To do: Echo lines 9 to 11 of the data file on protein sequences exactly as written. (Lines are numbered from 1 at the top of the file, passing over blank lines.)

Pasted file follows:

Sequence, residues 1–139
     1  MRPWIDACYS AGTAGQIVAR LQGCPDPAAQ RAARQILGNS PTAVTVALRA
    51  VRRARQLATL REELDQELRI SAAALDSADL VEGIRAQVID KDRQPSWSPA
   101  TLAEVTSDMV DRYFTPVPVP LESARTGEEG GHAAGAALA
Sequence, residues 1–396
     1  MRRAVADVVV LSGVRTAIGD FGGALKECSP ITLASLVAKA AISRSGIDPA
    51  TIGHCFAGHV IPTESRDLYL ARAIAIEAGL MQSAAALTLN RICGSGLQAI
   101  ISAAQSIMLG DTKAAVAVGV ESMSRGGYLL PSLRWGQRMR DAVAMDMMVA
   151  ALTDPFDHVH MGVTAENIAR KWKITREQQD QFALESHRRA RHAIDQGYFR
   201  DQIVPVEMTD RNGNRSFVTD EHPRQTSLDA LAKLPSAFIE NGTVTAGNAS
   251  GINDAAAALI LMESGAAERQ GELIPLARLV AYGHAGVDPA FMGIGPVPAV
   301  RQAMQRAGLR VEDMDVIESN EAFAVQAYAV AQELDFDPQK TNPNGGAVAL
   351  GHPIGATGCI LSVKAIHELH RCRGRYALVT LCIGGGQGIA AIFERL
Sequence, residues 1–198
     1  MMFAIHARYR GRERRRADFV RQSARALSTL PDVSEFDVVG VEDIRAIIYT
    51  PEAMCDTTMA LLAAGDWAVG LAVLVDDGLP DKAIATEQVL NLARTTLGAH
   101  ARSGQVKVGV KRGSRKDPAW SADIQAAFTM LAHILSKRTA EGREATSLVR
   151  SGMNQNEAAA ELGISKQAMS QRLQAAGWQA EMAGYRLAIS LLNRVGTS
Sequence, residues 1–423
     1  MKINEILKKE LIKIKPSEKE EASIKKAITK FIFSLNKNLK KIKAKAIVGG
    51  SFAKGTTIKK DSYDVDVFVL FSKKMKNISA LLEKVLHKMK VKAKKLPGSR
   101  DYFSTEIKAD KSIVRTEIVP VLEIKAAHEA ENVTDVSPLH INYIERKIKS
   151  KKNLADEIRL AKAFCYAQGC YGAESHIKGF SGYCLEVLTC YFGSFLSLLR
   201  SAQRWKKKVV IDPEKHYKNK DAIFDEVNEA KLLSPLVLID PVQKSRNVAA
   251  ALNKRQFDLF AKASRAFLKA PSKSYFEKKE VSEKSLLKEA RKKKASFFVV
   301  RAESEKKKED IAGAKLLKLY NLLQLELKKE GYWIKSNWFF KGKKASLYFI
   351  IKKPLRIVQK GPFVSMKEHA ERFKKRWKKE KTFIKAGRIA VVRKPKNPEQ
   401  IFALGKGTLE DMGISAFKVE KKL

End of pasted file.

   151  ALTDPFDHVH MGVTAENIAR KWKITREQQD QFALESHRRA RHAIDQGYFR
   201  DQIVPVEMTD RNGNRSFVTD EHPRQTSLDA LAKLPSAFIE NGTVTAGNAS
   251  GINDAAAALI LMESGAAERQ GELIPLARLV AYGHAGVDPA FMGIGPVPAV